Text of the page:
We have recently learned that in January of 2018 there was an “internal memo” put forth by BLM headquarters regarding the handling of protest letters. According to our source, each BLM field office is now allowed to make a determination as to what level of public involvement they feel is appropriate for NEPA compliance. This internal memo, to our knowledge, was never formally announced to the public.

If you think this is confusing, it is. The point of confusion seems, in our opinion, to be intentionally put forth by the BLM with the goal of gumming up the works and discouraging participation. 

Keep in mind that the protest letter campaigns have a value beyond the issue of BLM bureaucracy and governmental policy changes regarding the technical acceptance of our letters. Do not be discouraged. Other organizations in New Mexico submitted hundreds of protest letters, also “dismissed”. It has been duly noted by the press that there is an organized movement to protect the Rio Chama Watershed.

We are working on a strategy to handle future oil and gas lease sales in our watershed. We’ll keep you posted.

Frack Water Recycle Update

RACC recently sent Governor Grisham a letter of concern regarding the state’s plans to research and implement the reuse of fracking fluid or “produced” water, in oil and gas lingo. Our intention was to give voice to our organizations concerns regarding this idea.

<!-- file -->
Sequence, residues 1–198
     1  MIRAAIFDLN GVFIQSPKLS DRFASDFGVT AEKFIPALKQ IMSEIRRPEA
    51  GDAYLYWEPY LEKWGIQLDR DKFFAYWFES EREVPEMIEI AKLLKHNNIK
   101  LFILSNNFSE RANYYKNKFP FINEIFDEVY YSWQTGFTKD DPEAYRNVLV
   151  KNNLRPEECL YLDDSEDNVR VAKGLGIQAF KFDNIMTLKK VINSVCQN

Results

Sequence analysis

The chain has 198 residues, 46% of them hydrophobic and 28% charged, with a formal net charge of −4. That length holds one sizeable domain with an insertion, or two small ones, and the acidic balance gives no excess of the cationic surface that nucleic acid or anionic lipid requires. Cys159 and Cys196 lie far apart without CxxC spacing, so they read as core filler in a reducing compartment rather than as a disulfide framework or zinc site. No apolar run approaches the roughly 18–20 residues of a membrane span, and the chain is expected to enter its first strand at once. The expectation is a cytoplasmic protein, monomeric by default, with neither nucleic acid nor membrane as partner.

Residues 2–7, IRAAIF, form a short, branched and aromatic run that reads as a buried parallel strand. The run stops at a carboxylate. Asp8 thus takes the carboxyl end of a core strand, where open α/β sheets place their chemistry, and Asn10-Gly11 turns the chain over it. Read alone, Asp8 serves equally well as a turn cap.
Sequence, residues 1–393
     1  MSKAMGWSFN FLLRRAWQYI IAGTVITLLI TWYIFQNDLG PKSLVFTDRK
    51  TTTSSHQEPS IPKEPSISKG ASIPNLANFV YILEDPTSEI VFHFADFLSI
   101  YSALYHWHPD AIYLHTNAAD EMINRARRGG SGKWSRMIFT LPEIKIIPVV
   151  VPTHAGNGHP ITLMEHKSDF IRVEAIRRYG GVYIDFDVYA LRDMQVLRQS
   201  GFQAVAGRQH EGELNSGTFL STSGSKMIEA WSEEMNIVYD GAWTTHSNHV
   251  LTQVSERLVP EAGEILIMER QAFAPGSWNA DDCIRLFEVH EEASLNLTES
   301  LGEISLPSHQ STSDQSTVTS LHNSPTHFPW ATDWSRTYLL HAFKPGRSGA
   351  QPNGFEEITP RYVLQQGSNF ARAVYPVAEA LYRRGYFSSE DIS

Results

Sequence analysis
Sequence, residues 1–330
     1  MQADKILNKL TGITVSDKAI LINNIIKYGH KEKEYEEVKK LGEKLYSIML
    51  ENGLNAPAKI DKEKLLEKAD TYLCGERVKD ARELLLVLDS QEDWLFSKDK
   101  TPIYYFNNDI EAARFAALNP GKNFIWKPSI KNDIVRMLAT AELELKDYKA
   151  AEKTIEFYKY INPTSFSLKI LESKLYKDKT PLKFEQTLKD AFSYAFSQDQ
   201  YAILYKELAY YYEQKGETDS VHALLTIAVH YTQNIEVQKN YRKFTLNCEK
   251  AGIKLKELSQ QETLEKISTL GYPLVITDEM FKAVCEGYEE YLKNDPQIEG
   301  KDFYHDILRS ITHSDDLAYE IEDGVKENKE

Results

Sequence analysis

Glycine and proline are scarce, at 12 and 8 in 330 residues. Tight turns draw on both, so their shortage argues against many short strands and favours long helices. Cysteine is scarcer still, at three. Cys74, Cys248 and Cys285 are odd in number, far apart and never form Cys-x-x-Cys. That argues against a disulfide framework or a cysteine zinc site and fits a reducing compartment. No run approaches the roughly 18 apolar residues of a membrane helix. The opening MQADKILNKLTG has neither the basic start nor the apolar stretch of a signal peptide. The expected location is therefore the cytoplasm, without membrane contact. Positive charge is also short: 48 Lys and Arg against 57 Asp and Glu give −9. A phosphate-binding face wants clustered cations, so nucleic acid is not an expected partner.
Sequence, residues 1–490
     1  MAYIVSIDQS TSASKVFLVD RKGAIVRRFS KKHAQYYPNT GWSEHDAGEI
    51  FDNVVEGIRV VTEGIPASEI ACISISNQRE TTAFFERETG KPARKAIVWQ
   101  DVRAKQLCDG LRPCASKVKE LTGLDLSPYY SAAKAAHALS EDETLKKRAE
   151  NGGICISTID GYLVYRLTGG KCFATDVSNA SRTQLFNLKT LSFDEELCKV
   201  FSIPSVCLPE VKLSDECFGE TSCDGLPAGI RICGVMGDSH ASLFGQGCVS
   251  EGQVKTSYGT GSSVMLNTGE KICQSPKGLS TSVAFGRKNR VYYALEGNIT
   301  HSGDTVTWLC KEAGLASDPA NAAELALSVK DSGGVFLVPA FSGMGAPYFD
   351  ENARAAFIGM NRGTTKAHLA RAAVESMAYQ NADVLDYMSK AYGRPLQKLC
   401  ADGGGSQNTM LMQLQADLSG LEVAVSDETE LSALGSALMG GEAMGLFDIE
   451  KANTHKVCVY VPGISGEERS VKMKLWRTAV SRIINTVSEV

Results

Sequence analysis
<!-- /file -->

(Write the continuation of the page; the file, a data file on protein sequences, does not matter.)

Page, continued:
Five public meetings were recently held throughout the state by the New Mexico Environment Department and now the newly formed New Mexico Produced Water Research Consortium will begin to work in earnest to research the potential for the reuse of produced water in New Mexico, not only in a closed loop scenario within the oil and gas industry, but also for use in applications outside industry like mineral recovery and the irrigation of New Mexico food crops.

Something RACC has always been concerned with from a public health perspective is the fact that the Oil and Gas Industry have historically held proprietary formulas of many toxic chemicals that are used for their fracking operations. The question is, will the New Mexico Environment Department be privy to this information which varies by company, so it can insure those chemicals are completely removed from the produced water before reuse. And how do we know that regulation will be managed responsibly? Where are NMED support or standards for treatment going to come from?

You can read a December 3, 2019 article about this ongoing process from The New Mexico Political Report here.

Healthy Soil Education!

We have been keeping in touch with the implementation of The Healthy Soil Act, which RACC supported during the last legislative session at the Round House. They are now introducing the second round of the Healthy Soil Program funding which will target education and outreach projects that further soil health stewardship.

The deadline for NMDA to receive healthy soil education and outreach grant proposals is Wednesday, January 15th, 2020 at 5pm. You or your organization may be eligible!!

For more information you can access the New Mexico Department of Agriculture Healthy Soil Program website here.

“Grace happens when we act with others on behalf of our world.”



Thank you for all you continue to do to protect the Rio Chama Watershed!